Frontier Kantianism : Autonomy and Authority in Ralph Waldo Emerson and Joseph Smith
Davis, Ryan W.
Journal of Religious Ethics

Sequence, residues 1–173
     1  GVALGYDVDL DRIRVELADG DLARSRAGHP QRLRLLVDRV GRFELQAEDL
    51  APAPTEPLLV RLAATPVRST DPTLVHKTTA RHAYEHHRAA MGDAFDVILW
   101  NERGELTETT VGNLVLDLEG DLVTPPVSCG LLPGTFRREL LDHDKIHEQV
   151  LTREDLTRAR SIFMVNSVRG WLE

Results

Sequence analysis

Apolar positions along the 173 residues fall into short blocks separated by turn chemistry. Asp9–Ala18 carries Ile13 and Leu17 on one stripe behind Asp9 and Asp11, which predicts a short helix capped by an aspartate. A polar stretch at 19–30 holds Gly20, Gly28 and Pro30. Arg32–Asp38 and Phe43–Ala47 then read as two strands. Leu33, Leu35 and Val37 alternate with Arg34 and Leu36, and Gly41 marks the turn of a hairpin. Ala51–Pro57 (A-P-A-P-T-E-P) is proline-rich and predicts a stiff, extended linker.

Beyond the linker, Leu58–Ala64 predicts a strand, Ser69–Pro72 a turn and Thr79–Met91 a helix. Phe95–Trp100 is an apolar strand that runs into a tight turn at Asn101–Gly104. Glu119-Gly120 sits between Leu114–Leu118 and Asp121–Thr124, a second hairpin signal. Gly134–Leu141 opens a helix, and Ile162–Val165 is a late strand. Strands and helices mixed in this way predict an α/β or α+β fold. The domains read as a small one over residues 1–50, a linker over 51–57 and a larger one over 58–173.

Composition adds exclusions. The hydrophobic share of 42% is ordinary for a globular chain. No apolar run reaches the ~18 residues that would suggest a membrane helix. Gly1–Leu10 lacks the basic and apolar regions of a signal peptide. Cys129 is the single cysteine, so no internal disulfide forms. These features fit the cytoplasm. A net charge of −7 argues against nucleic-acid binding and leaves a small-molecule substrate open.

Ralph Waldo Emerson is often seen as the early American prophet of autonomy. This essay suggests a perhaps surprising fellow traveler in this prophetic call: Joseph Smith. Smith opposed religious creeds for the same reason that Emerson denounced them, namely that creeds represent a threat to the autonomy of a person's beliefs. Smith and Emerson also forward similar defenses of individual autonomy in action. Furthermore, they encounter a shared problem: how can autonomy be possible in a society where other individuals hold some kind of authority? I propose that each thinker resolves this tension through an insight with a Kantian echo. A suitably qualified version of authority can sometimes count as an expression of, rather than hindrance to, autonomy. I describe the overlap in Emerson and Smith as a “frontier” version of Kantianism. They favor determining one's own beliefs and actions in a way that looks forward to an open future of possibility.